• Why the old version?  Because that is the latest one the VMLite plugin will work with. You might want to read the specs to ensure everything is in sync. VMLite has been promising a Version 4 compatible release but no one seems to know where it is.
  • Go to the VMLite site (www.vmlite.com) and register. You have to register to download. You will be sent an e-mail for confirmation.
  • Download and install the VMLite workstation plugin from this page: http://www.vmlite.com/index.php?option=com_rokdownloads&view=folder&Itemid=153
  • These installs are very straightforward.
  • On the START (Metro) page you will find a couple of VMLite icons (you can pin them to the desktop). Run the Wizard as Administrator (if you don't, it will fail). This is very intuitive and at some point you will have an opportunity to help the Wizard find the .vhd file. Choose the first option in the bulleted list and navigate to the folder containing the .vhd file. You will be asked for a password. Huh? I used the one I provided to register with VMLite and it worked. After a few minutes of churning Windows XP popped up - back from the dead as it were. Validation has been preserved from your original Win 7 install so this is a permanent solution. Windows XP lives under Windows 8 in all its glory.
  • You can bring up XP any time now using the VMLite XP Mode icon. Unlike using just Virtual Box (as in the "sort of" solution) there's no messing around with the nuisance of "mouse capture" and other inconveniences.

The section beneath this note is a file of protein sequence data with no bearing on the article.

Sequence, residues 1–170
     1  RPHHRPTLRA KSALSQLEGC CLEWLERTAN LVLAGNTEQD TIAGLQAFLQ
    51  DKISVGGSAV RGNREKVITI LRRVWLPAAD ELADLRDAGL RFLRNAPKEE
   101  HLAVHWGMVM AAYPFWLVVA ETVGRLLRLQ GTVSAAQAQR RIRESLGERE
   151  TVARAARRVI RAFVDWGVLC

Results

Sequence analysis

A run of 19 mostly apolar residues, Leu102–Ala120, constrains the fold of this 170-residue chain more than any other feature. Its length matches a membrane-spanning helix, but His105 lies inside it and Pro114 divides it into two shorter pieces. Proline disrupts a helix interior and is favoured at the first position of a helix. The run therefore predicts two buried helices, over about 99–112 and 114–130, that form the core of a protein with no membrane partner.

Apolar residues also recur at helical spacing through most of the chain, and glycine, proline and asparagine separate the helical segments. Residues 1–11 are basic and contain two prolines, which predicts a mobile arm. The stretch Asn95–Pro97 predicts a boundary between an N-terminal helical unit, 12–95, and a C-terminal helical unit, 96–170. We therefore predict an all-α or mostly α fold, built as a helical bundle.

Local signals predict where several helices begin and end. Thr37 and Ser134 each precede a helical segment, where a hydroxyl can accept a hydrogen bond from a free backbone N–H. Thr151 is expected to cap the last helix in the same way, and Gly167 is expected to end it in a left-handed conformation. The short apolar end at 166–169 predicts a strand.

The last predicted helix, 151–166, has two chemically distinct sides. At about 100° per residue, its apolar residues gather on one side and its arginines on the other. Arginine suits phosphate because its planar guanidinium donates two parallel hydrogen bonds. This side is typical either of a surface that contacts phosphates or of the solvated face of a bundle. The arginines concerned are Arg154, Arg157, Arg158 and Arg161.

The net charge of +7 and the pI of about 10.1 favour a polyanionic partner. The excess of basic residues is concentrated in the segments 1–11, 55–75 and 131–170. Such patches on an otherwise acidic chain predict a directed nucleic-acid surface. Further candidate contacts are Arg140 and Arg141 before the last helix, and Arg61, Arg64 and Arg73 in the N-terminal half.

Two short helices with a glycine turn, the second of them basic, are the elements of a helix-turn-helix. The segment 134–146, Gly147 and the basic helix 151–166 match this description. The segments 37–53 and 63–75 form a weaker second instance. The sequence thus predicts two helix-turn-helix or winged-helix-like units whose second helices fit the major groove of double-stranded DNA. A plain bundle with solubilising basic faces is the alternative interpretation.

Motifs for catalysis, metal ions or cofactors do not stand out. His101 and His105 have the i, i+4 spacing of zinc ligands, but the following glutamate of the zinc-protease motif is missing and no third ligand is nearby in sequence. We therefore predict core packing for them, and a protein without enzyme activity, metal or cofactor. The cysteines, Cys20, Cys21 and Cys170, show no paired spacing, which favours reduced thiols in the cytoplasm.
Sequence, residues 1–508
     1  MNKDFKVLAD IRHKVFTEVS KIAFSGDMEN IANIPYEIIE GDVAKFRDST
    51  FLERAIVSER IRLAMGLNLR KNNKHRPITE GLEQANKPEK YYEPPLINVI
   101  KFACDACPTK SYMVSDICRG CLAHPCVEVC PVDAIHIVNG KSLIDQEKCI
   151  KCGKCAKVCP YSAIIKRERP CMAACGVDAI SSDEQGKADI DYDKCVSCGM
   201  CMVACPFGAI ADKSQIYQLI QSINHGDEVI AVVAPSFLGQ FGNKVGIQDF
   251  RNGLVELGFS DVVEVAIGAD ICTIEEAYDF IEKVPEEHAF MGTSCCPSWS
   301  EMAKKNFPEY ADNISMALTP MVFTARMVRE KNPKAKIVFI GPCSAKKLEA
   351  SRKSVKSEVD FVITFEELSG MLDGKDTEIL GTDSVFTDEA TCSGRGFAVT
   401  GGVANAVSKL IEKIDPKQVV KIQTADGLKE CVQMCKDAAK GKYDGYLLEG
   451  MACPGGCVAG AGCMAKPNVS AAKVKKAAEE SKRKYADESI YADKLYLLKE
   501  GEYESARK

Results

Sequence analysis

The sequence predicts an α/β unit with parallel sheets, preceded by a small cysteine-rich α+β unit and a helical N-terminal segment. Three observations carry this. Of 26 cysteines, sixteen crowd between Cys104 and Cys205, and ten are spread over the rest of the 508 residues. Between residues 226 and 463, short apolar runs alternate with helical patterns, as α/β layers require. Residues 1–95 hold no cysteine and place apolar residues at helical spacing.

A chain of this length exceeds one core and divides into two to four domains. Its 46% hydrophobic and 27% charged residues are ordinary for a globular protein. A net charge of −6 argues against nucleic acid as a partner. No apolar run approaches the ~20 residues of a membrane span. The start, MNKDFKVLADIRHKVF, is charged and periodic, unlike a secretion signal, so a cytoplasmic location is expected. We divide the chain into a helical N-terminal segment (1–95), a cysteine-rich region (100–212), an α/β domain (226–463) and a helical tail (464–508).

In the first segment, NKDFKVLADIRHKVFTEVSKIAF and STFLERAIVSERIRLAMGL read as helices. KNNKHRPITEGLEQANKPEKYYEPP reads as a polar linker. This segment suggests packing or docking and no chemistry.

• Visit Windows Updates a few times to bring XP up-to-date. This will take around 10 minutes at most.
  • Download MS Security Essentials and install. Alternatively, install the virus protection of your choice. MSSE is free and still supports Win XP. Some other products may not. Some people are tempted to think because the virtual environment lives within a computer that is already protected they do not need additional safeguards. That is a mistaken assumption.
  • Join your LAN Workgroup to integrate the virtual machine with the rest of your system. You will need to give the virtual machine a name and enter the name of your Workgroup. Note that you can not use a Windows 8 Homegroup so any Win 7/8 machines you want to communicate with on the LAN will have to be members of a Workgroup (Win 8/7 support both Homegroups and Workgroups). Do this for the virtual XP machine in Control Panel/Network Connections/"Set up a home or small office network"/"No, let me choose another way ... etc.". You know the routine and the prompts are good.

Everything works. VMLight has an excellent graphics interface so your XP text and images look like native mode. It's fast and flexible. Network setup was a snap using Workgroups. It remains to test all the options available in this environment but the defaults are so well chosen you might find you don't need anything else.